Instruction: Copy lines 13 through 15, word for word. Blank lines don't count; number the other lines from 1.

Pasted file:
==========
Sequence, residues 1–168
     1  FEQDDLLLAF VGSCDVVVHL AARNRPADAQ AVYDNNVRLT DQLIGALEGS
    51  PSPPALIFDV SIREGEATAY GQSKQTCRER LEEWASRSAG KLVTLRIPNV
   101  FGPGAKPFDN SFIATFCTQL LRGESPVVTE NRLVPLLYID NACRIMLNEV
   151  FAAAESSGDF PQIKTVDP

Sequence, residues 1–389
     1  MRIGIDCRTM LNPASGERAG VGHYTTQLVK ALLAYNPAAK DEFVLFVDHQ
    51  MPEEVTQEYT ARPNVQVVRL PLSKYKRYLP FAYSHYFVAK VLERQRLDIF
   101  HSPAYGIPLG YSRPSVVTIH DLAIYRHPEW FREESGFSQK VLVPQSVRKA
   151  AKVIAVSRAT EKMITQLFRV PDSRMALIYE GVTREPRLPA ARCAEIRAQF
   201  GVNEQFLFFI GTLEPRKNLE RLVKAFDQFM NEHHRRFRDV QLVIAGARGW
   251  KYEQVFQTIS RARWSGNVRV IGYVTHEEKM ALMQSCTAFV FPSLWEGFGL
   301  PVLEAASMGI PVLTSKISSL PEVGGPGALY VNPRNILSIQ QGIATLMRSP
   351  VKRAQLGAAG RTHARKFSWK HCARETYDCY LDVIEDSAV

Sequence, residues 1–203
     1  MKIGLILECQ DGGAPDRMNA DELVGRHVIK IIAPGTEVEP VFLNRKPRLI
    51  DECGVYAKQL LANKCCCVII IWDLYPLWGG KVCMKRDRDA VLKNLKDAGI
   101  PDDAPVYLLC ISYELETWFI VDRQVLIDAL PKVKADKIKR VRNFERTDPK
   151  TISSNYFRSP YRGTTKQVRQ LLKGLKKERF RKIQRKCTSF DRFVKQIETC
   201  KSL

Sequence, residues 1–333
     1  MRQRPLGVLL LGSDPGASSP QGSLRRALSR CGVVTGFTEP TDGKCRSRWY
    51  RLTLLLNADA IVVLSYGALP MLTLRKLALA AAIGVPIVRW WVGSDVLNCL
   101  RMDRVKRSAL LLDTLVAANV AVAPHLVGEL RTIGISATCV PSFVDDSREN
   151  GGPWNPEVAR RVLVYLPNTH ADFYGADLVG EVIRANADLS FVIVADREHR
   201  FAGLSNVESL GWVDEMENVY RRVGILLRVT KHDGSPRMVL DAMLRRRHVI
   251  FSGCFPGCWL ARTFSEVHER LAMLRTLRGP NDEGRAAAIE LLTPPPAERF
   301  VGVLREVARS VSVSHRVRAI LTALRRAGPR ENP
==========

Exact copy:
   301  PVLEAASMGI PVLTSKISSL PEVGGPGALY VNPRNILSIQ QGIATLMRSP
   351  VKRAQLGAAG RTHARKFSWK HCARETYDCY LDVIEDSAV

Sequence, residues 1–203